Oscar! Oscar! Why I Am/Am Not An Oscar Grouch
I love the Academy Awards. Wait, let me start again. A-hem. I hate the Academy Awards. No, that’s too harsh. I love to watch the Academy Awards, and I love to hate the Academy Awards. I try to see as many of the nominated films as I can. I cheer when the person I think is most deserving wins, and I boo and swear and get all self-righteous when a movie that I hated wins anything.
Last year I was just as shocked as Jack Nicholson when he announced that Crash was the Best Picture of the year. I almost threw the television out the window. And don’t even get me started on films like Chicago, Gladiator, Titanic or Braveheart. As for the others in the last fifteen years or so, the only one that I think really deserved to win was The English Patient, and, well, okay, Jackson’s Lord of the Rings: The Return of the King, cause I dug ’em.
But whatever, the Academy Awards are still great. They’ve provided fodder for countless discussions and arguments over the years, and even though I rarely agree with them, I feel somehow bound by some strange, mystical contract to watch them.
Except for one.
Babel. It’s perhaps the most overrated, contrived film since, well, Crash. Yet because it’s a film that takes place on three different continents, is in a bunch of different languages, with a bunch of interlocking stories and deals with ‘important’ themes, it has garnered a lot of critical praise. I have rarely felt so manipulated in a film. Babel isn’t from the heart, it’s a carefully designed ‘issues’ film, like Crash or Syriana, made to push as many sensitive buttons as possible – uh-oh, the kids are in danger! And here’s a scene where the deaf/mute girl is rejected by another man, and, get ready for it, cause the Mexican/US border scene is coming up, etc, and so on. The characters never feel real because the strings are always visible. They are used as vehicles to tell a tightly-controlled story, rather then having the story emanating from them. You know that terrible things are going to happen before the movie begins, and the movie rewards you by having a lot of terrible things happen…to everyone…and that’s about it.
The others are all fine films. Scorsese’s The Departed is like a grab-bag of the director’s best tricks, but strong acting and writing make it a highly enjoyable cops n’ robbers flick. Letters From Iwo Jima is definitely one of Clint’s best movies. It’s far superior to Flags of Our Fathers, and, while a little on the long side (perhaps even a bit wordy at times), it’s a powerful, emotional movie. Ken Watanabe is fantastic, as is Kazunari Ninomiya as the main grunt/‘fool’.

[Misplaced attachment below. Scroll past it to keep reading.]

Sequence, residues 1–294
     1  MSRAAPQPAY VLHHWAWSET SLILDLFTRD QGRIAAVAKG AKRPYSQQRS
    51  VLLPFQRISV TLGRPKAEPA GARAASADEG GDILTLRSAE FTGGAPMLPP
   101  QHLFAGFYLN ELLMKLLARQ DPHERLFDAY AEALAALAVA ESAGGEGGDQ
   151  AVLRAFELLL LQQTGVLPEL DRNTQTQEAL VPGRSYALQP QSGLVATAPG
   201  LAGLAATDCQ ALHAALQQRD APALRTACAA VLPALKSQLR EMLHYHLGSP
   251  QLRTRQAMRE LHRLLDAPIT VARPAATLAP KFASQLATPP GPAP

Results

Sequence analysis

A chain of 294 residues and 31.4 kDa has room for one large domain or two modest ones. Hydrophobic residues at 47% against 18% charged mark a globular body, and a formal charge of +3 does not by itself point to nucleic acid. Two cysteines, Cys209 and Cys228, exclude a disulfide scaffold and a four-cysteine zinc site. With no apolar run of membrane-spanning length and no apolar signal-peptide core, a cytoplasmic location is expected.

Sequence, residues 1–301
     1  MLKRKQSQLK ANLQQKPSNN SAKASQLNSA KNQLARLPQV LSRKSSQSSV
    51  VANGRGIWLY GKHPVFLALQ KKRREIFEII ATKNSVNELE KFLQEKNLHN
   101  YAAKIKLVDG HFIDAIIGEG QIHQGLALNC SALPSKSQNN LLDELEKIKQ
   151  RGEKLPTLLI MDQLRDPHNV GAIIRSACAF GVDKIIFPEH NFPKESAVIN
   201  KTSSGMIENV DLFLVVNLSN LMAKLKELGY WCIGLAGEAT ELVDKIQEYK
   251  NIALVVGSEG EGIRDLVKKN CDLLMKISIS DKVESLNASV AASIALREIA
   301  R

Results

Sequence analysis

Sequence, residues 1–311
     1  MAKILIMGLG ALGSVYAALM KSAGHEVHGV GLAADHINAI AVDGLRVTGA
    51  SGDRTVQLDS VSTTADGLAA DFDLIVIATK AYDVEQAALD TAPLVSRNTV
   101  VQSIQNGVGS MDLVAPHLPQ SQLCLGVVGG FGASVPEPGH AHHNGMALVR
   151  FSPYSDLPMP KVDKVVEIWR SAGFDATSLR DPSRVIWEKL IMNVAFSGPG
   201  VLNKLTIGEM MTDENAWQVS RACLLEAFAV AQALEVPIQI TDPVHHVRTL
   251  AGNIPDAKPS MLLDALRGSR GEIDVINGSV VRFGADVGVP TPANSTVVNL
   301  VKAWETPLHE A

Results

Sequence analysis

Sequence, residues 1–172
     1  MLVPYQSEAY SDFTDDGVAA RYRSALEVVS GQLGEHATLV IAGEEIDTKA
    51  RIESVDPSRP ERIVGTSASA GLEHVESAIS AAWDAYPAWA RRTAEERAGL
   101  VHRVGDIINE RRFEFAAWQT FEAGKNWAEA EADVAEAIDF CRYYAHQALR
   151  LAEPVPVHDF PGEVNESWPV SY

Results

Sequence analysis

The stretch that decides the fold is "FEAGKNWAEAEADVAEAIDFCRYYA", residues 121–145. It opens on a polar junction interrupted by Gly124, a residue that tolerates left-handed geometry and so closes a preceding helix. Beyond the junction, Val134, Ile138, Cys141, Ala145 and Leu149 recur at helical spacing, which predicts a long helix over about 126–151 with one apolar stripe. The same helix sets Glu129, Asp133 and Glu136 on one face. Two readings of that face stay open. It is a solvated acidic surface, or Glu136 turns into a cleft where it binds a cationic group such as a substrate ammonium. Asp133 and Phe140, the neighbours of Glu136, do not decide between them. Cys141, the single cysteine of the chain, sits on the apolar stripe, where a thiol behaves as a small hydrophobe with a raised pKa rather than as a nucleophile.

The Queen and Little Miss Sunshine are small, character studies. For my review of The Queen, read this. LMS is such a crowd-pleaser, and people seem to love it. I saw it back in the summer, and thought it a great comedy, and heart-warming in a genuine way. It’s not a Hollywood-type film by any means. Alan Arkin and Abigail Breslin (the little girl) have both been nominated for supporting acting Oscars, but anyone out of the main cast could have been nominated, it’s such a strong ensemble, helped immensely by a great script, and understated direction.
Last year I was really rooting for Brokeback Mountain, but this year I could handle any of these films winning, except for Babel. And I think Little Miss Sunshine will inch out the competition by a nose.
If I were pulling the strings however, I would have nominated Children of Men for director and picture. This was my absolute favourite movie of the year. Visually and stylistically it’s one of the most exciting pieces of bravura filmmaking I’ve ever seen. Yet, like most of my favourite movies it’s been under-appreciated by Oscar. It’s only been nominated for cinematography, editing and Adapted Screenplay, which, I’ll admit, is not too shabby, but when a turkey like Babel can be nominated for seven, clearly, I don’t know anything about movies. If Children of Men doesn’t win for cinematography and editing, then there’s something criminally wrong with the whole Academy system, and I swear I’ll never watch the Oscars ever again. EVER. Until next year. llewopemearg